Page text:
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15 February, 2006 - 09:43 By Staff Reporter

Fray-ed relationship as clash of the ‘titaniums’ brings writ

Two Cambridge sister companies could soon lock horns in a £230m High Court legal battle about rights to a revolutionary way to produce ‘super metal,’ titanium.
Two Cambridge sister companies could soon lock horns in a £230m High Court legal battle about rights to a revolutionary way to produce ‘super metal,’ titanium.

British Titanium (BTi), which has a Cambridge research and development centre, is suing recently-floated QinetiQ and metals start-up, Metalysis after BTi’s rights to commercialise the titanium processing technology were terminated.

BTi and Metalysis are from the same Cambridge University stable – the Department of Materials Science and Metallurgy.

While QinetiQ puts a figure of £230m on the lawsuit, BTi’s chairman and CEO, James Hamilton told Business Weekly that the claim is "unlimited" and is seeking redress for the loss of future investment and profits.

BTi had sub-licenced the technology from the Defence Evaluation and Research Agency (later to become QinetiQ) but this was recently revoked and as from 2005, Metalysis now holds the ‘head licence,’ covering all metals including titanium.

To add spice to the technology turf war, Cambridge academic, Professor Derek Fray is caught in the cross-fire, having been closely involved with both companies up to now.

Prof Fray, who until recently was head of Cambridge University’s department of materials science and metallurgy, is chairman of the scientific committee for Metalysis and a non-executive director at BTi.

He said he was "unable to give any further comment" about his future role within the companies when approached by Business Weekly.

The two businesses had been described as "sister companies" in some publicity material and share a common investor in the form of Cambridge-based Generics.

The high-stakes legal battle centres on rights to the ‘FFC Cambridge’ process, technology developed by Prof Fray while investigating ways to remove scale from titanium when heated in air.

The technology greatly simplifies the process of ‘winning’ metals from their oxide or ore forms, without the need for heating or noxious chemicals.

The one-step solution involves the metal oxide powder being added to a salt bath and reduced directly to metal powder through the application of an electric current.

Its simplicity means that it typically reduces production costs by about 40 per cent and also opens the door to the creation of hitherto impossible alloys.

A great deal of the research has centred around titanium, but the FFC Cambridge process also works for a wide range of valuable metals.

Metalysis was established in 2002 with a licence granted by the University of Cambridge for all non-titanium metals.

This was expanded in 2005, as part of a £5m VC round, to incorporate the rights to also exploit titanium.

Meanwhile, British Titanium, which sub-licenced the exclusive worldwide rights for titanium specifically from QinetiQ, had its rights terminated.

Hamilton told Business Weekly that the action had already been lodged with the High Court, although a court date has not yet been set.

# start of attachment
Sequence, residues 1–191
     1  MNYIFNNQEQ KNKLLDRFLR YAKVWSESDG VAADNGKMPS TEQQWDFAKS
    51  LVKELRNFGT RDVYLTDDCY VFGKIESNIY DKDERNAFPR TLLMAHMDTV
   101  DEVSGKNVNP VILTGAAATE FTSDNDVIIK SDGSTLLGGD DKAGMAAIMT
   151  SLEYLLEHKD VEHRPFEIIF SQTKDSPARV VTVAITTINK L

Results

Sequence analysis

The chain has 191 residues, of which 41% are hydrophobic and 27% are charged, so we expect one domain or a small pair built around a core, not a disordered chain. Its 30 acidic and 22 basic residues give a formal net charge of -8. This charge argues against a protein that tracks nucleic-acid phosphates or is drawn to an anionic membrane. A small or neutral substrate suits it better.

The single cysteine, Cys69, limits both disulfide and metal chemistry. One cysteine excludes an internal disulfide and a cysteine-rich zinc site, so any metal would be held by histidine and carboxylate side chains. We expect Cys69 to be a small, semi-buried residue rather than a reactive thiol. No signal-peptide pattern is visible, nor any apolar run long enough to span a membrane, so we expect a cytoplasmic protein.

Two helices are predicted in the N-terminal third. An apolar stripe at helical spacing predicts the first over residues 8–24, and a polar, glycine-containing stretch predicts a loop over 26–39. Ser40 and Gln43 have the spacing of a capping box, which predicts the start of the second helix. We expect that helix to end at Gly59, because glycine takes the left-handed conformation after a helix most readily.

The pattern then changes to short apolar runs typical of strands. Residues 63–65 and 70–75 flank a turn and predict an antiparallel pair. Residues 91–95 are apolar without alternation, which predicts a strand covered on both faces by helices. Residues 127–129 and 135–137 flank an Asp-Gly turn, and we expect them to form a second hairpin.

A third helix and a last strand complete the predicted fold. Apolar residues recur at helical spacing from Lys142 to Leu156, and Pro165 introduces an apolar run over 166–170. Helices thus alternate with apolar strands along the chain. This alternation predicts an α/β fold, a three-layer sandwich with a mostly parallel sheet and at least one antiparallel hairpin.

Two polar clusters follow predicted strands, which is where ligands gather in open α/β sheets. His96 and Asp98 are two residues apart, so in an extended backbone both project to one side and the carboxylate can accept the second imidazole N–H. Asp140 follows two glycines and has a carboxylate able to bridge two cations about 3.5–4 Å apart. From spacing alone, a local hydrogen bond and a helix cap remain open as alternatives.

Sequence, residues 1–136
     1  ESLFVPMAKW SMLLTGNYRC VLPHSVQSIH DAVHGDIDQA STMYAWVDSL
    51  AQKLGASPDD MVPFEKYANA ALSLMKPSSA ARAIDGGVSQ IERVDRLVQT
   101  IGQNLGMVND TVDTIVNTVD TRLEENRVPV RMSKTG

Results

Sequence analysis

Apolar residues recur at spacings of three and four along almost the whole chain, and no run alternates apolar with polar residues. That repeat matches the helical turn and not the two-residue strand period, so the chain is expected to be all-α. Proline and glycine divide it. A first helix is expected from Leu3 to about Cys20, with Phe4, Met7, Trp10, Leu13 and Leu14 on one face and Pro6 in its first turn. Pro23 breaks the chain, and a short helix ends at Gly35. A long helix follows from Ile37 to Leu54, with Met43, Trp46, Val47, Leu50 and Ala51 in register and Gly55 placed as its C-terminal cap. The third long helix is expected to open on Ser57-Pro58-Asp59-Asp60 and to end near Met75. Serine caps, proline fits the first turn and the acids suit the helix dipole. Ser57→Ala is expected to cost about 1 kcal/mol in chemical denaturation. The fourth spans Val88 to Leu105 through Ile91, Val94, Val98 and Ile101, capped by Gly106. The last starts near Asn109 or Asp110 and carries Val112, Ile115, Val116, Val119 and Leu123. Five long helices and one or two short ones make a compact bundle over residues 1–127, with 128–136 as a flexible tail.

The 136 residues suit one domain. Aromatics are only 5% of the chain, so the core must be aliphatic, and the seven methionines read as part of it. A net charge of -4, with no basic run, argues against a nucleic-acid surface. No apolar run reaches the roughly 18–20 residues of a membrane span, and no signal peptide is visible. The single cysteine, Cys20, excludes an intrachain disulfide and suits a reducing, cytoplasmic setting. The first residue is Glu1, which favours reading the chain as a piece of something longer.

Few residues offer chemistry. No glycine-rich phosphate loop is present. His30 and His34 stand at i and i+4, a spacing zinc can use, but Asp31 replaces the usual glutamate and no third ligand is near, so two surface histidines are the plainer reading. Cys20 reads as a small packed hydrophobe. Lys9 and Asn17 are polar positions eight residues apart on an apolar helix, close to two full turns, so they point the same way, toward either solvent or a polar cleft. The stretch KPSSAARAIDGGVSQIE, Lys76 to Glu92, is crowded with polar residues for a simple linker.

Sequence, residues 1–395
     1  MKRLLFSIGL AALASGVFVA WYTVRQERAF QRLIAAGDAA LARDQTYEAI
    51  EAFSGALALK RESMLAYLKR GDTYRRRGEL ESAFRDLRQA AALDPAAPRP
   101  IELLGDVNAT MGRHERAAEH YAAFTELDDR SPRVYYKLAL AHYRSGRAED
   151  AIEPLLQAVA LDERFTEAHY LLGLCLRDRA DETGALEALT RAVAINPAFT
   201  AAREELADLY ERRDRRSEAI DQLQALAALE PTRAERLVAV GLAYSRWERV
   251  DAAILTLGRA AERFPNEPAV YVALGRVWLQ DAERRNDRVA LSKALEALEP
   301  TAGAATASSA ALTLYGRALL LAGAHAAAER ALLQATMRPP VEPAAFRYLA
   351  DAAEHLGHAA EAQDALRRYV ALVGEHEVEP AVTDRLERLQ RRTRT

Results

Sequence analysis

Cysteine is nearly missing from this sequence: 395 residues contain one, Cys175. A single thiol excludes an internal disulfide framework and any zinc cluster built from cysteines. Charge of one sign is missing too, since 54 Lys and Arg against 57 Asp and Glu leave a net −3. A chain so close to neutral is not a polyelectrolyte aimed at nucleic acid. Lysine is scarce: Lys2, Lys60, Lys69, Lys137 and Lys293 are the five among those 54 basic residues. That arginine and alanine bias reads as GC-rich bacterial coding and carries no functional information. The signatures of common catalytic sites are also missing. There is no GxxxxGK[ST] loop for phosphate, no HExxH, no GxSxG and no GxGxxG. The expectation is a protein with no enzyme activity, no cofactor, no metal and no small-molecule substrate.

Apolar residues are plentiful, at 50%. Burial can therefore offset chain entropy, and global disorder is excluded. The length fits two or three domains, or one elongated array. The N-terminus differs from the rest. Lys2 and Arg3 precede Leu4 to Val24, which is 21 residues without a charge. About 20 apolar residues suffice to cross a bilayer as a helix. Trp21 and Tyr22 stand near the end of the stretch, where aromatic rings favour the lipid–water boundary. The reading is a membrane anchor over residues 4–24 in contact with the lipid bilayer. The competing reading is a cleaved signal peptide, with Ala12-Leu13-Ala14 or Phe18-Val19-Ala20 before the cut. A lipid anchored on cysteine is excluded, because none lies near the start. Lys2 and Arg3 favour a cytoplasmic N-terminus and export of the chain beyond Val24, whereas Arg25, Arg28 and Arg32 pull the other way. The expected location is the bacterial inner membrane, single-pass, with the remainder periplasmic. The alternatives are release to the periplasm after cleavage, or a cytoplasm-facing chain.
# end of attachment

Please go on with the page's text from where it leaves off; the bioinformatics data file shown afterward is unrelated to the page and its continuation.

While he would not comment directly on the specifics of the claim, he said: "£4.5m has been invested and I have spent over eight years of my life on developing this technology.

"And if it hadn’t been for the efforts of Peter Fray and his team it would have cost us an awful lot more to get this far. We strongly believe in our claim."

He went on to say that the matter "would certainly not help" when asked about the case’s impact on British Titanium’s ability to secure further investment.

On the record comment was difficult to come by: Metalysis management failed to respond to emails, while calls to their offices in South Yorkshire were directed to QinetiQ’s press office.

Cambridge University itself is not being sued and there are no plans to do so, according to Hamilton.

When approached for comment on the matter, the University issued the following statement: "The University has received no notice of legal action and, in light of the sensitive nature of the issue and the number of parties involved does not feel it would be appropriate to comment at this time."

Cambridge law firm, Mills and Reeve, which handled Metalysis’ 2005 £5m VC round, was similarly reticent, saying "that as a matter of policy, we do not comment on client matters."

Titanium and its alloys’ strength, light weight, resistance to corrosion and bio-compatibility mean that it is in demand in applications ranging from aerospace and automotive to sports equipment and replacement hips.

It is the ninth most common element in the Earth’s crust, but the difficulty in extracting it means that it remains comparatively very expensive.

The action forced QinetiQ to issue a supplement to its float prospectus in order to assuage City fears.

A strongly worded statement read: "The directors believe, having taken legal advice, that BTi’s allegations are unsubstantiated and without merit and that the quantum of the threatened claim is spurious, speculative and without basis."

The float eventually went off without a hitch, debuting at the top end of estimates at 200p, raising £617.5m and valuing QinetiQ at £1.3bn.

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